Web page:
Worried about the NSA monitoring you? If you take certain steps to mask your identity online, such as using the encryption service TOR, or even investigating an alternative to the buggy Windows operating system, you’re all but asking for “deep” monitoring by the NSA.
TOR is an encryption network developed by the U.S. Naval Research Laboratory in the 1990s. The military’s hope was to enable government workers to search the web without exposing their locations and identities. The system today is widely available, runs on open source code and is popular among privacy advocates as a more secure alternative to open Internet surfing, particularly in countries with repressive regimes. It works by encrypting the user’s address and routing the traffic through servers that are located around the world (so-called “onion routing.”) How does the NSA access it? Through a computer system called XKeyscore, one of the various agency surveillance tools that NSA leaker Edward Snowden disclosed last summer.
According to a recent report from the German media outlet Tagesschau, a group of TOR affiliates working with Tagesschau looked into the source code for XKeyscore. They found that nine servers running TOR, including one at the MIT Computer Science and Artificial Intelligence Laboratory, were under constant NSA surveillance. The code also revealed some of the behaviors that users could undertake to immediately be tagged or “fingerprinted” for so-called deep packet inspection, an investigation into the content of data packages you send across the Internet, such as emails, web searches and browsing history.
If you are located outside of the U.S., Canada, the U.K. or one of the so-called Five Eyes countries partnering with the NSA in its surveillance efforts, then visiting the TOR website triggers an automatic fingerprinting. In other words, simply investigating privacy-enhancing methods from outside of the United States is an act worthy of scrutiny and surveillance according to rules that make XKeyscore run. Another infraction: hating Windows.
If you visit the forum page for the popular Linux Journal, dedicated to the open-source operating system Linux, you could be fingerprinted regardless of where you live because the XKeystore source code designates the Linux Journal as an “extremist forum.” Searching for the Tails, operating system, another Windows alternative popular among human rights watchers, will also land you on the deep-packet inspectee list.
Science fiction author Cory Doctorow, an editor at the popular technology blog Boing Boing, was quick to take exception to the findings, questioning not only the propriety of the tactics revealed in the researchers’ report but also their utility.
Tor and Tails have been part of the mainstream discussion of online security, surveillance and privacy for years. It’s nothing short of bizarre to place people under suspicion for searching for these terms.”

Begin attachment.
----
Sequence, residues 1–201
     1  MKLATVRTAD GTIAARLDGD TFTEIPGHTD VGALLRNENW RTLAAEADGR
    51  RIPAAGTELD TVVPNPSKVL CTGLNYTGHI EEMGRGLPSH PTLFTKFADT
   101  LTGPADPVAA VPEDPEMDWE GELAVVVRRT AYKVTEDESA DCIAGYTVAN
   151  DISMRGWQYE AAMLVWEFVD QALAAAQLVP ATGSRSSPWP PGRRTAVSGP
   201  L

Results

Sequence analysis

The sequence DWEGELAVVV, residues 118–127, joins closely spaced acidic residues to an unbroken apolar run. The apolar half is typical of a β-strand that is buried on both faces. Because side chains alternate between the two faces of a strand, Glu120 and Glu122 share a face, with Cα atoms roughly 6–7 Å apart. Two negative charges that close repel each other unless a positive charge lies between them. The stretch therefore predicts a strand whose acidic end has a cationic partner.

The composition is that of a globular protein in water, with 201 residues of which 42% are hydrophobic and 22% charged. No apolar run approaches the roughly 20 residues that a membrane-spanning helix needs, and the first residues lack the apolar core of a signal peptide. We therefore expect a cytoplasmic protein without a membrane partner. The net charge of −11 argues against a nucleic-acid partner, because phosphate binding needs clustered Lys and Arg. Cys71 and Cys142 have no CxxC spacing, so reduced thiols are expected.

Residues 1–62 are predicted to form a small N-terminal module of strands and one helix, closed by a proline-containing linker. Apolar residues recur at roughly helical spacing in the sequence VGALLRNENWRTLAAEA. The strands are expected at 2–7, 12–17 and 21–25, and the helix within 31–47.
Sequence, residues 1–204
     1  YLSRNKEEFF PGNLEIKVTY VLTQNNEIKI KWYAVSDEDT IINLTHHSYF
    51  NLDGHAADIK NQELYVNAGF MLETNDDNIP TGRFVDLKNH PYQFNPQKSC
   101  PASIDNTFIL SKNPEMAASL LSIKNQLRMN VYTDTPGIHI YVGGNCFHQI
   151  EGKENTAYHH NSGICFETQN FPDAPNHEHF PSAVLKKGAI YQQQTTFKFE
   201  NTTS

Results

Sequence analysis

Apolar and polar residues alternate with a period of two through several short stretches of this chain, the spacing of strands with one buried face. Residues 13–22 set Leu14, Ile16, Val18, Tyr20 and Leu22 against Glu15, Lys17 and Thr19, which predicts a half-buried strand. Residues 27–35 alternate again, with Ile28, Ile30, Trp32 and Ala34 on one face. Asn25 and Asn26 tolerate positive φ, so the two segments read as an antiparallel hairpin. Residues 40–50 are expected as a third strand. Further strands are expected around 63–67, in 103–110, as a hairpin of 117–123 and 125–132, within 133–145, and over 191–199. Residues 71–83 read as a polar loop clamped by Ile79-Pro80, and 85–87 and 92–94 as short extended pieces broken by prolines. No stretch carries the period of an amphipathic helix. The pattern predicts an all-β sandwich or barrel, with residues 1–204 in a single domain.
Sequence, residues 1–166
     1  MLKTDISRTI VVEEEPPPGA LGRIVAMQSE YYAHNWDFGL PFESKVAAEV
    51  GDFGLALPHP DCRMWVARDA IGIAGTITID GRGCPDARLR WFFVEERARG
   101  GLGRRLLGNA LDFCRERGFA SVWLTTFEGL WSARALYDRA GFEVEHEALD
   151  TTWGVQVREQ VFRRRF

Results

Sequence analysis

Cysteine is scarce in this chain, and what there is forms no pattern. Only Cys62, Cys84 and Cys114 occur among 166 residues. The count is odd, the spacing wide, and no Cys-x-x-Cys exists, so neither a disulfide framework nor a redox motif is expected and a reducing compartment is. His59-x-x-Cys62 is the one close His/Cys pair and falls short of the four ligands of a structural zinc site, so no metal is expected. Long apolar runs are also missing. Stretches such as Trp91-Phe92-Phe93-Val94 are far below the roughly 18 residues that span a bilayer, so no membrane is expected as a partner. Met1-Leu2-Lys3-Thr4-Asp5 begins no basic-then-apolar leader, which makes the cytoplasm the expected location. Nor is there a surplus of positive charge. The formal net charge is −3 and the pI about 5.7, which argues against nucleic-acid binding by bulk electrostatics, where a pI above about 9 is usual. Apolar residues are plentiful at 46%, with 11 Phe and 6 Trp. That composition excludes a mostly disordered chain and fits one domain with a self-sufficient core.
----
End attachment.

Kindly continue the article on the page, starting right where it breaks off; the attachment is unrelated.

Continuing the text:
More importantly, this shows that the NSA uses ‘targeted surveillance’ in a way that beggars common sense. It’s a dead certainty that people who heard the NSA’s reassurances about ‘targeting’ its surveillance on people who were doing something suspicious didn’t understand that the NSA meant people who’d looked up technical details about systems that are routinely discussed on the front page of every newspaper in the world.
Doctorow goes on to speculate, with the help of an anonymous expert, that the NSA’s intention in marking the TOR-curious for monitoring was to “separate the sheep from the goats — to split the entire population of the Internet into ‘people who have the technical know-how to be private’ and ‘people who don’t’ and then capture all the communications from the first group.”
The better able you are at protecting your privacy online, the more suspicious you become.
How many sheep and how many goats are there? Not all of the XKeyscore fingerprinting triggers apply to U.S. citizens, as mentioned above, but some 14 percent of U.S. Internet users have taken some step to mask their identity online using encryption according to the PEW Internet and American Life survey from September of last year.
The revelations underscore the fact that in the post-Snowden environment, privacy is less of a given and more of a fast-paced cat and mouse game. An encryption network, developed by the military, gains popularity among a public increasingly worried about government surveillance. The network is then hacked by the government that created it. Of course, you don’t have to be the NSA to crack TO; you just need a bit of money. Two researchers, Alexander Volynkin and Michael McCord, will presenting at the popular Black Hat conference next month, a provocative session called “You Don’t Have To Be the NSA to Break TOR: Deanonymzing Users On a Budget.” They report that they can crack TOR and disclose a specific user’s identity for just $3000.